Also read | No case of COVID-19 related stress to which banks showed apathy, RBI tells Supreme Court

To make the banking sector healthy in the face of large-scale delinquencies and balance-sheet stress that the ravages of the pandemic leave behind, it is critical to “rewind various relaxations in a timely manner”, rein in loan impairment and ensure adequate capital infusion into banks, the RBI says. Experts say more taxpayer money may be needed to shore up public sector banks.

What does this mean for India’s hopes for a bounce-back in the economy?

Simply put, banks’ ability to lend is critical for businesses and the economy to grow. A deluge of bad loans impairs banks’ ability and willingness to lend, as has been evident in bankers’ aversion to risk in recent years. It is safer to park their funds in government securities, and public sector banks, that have seen a surge in deposits after the recent troubles at co-operative and private lenders like the PMC Bank, Yes Bank, and now Lakshmi Vilas Bank, may prefer to do just that.

“Currency with public surged in response to the COVID-19 induced dash for cash while solvency issues related to a private sector bank also brought about some reassignment of deposits. During 2020-21 so far, deposits with PSBs grew at a higher pace than usual, partly reflecting perception of their safe haven status,” the RBI noted. Latest data for November suggest a slight uptick in bank credit flows, but lending to industry as a whole still shrank 0.7%.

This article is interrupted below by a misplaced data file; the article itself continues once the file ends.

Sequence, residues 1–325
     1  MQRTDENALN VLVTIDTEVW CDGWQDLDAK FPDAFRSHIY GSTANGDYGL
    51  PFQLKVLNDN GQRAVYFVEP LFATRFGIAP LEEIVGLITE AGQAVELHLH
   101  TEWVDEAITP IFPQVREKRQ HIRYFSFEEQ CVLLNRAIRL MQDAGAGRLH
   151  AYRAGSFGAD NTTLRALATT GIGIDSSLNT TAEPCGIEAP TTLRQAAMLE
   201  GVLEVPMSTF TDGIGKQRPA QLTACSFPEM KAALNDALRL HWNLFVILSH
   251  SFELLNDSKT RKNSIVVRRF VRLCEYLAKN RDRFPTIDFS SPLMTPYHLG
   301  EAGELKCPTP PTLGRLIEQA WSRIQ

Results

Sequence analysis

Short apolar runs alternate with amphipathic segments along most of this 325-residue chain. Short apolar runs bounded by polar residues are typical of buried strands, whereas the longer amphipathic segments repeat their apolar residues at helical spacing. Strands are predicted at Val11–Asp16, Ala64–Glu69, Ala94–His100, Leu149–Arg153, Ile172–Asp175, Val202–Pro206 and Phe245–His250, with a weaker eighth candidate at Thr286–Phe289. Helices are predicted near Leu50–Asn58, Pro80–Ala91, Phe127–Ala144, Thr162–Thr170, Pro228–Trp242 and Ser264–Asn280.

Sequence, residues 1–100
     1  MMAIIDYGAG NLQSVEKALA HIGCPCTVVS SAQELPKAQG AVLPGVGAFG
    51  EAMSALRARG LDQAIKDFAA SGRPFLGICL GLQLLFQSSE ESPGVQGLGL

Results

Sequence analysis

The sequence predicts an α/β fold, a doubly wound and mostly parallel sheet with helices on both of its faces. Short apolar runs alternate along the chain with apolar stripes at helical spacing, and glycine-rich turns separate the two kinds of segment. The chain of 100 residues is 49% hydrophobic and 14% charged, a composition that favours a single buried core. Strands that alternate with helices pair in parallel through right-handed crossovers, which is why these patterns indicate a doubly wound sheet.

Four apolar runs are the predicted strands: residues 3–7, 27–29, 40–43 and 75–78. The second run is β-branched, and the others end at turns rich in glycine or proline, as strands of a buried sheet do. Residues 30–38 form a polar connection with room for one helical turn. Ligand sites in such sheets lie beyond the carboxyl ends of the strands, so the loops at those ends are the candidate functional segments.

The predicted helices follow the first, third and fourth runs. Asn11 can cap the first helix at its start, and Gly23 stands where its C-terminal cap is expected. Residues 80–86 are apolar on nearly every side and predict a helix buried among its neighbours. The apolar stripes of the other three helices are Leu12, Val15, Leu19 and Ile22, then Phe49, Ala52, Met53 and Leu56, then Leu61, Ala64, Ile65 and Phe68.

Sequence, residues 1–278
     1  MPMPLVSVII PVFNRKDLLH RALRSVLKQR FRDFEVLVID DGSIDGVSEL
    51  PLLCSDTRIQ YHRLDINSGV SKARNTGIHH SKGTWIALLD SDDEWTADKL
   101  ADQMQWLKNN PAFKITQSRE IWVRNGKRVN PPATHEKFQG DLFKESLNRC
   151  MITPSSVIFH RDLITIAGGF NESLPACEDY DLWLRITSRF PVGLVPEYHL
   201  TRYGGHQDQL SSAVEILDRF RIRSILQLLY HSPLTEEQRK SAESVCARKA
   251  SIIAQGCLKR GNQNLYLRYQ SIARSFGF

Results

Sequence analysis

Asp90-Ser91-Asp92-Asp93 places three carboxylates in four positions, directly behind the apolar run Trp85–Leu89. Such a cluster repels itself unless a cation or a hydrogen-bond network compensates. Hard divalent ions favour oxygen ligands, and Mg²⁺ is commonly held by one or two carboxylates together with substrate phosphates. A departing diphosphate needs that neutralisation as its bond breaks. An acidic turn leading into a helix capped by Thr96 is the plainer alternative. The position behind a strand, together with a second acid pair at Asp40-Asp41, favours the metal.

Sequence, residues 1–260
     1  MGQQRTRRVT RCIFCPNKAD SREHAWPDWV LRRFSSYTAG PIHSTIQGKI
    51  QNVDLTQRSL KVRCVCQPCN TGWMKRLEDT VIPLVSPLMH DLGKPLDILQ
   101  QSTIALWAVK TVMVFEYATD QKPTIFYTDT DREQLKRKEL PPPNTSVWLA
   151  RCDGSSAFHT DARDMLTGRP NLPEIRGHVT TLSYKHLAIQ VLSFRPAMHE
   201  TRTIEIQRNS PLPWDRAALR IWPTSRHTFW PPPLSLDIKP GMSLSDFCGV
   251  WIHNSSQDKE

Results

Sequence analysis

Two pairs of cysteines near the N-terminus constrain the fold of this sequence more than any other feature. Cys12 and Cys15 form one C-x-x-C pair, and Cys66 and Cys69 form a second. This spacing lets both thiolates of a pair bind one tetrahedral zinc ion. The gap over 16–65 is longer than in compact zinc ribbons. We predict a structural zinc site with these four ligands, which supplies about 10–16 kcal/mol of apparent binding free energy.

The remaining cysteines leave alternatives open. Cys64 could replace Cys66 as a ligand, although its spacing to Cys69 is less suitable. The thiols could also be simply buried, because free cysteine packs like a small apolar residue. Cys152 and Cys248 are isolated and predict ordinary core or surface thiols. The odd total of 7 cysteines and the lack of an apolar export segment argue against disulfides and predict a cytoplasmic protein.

While several private lenders have raised buffer capital to offset shocks from potential loan defaults, some large state-run lenders have announced plans to raise resources in a staggered manner, depending on the prevailing market circumstances. Since public sector lenders still play a huge role in financing economic activity, it is important that they raise additional capital from the market or from their majority-owner — the government — before the stress ‘obscured’ by the COVID-19 relief measures becomes apparent.

What happens next?

The central bank has said that the Financial Stability Report (FSR) — which should have been released by now in the usual course of business — will be “released shortly”. This report shall present an updated assessment of the gross NPAs and the capital adequacy of banks “under alternate macro stress test scenarios”. Hence, its findings will be critical in determining how gloomy the situation really is. For now, as the central bank has said, the restoration of the health of banking and non-banking financial sectors depends on the revival of the real economy and how quickly the animal spirits of entrepreneurship return.

The Union Budget for 2021-22, which is now just four weeks away, would be critical for banks on two fronts – in what it does to revive demand and investments, and how much money it can promise to set aside for recapitalising public sector banks in the coming year.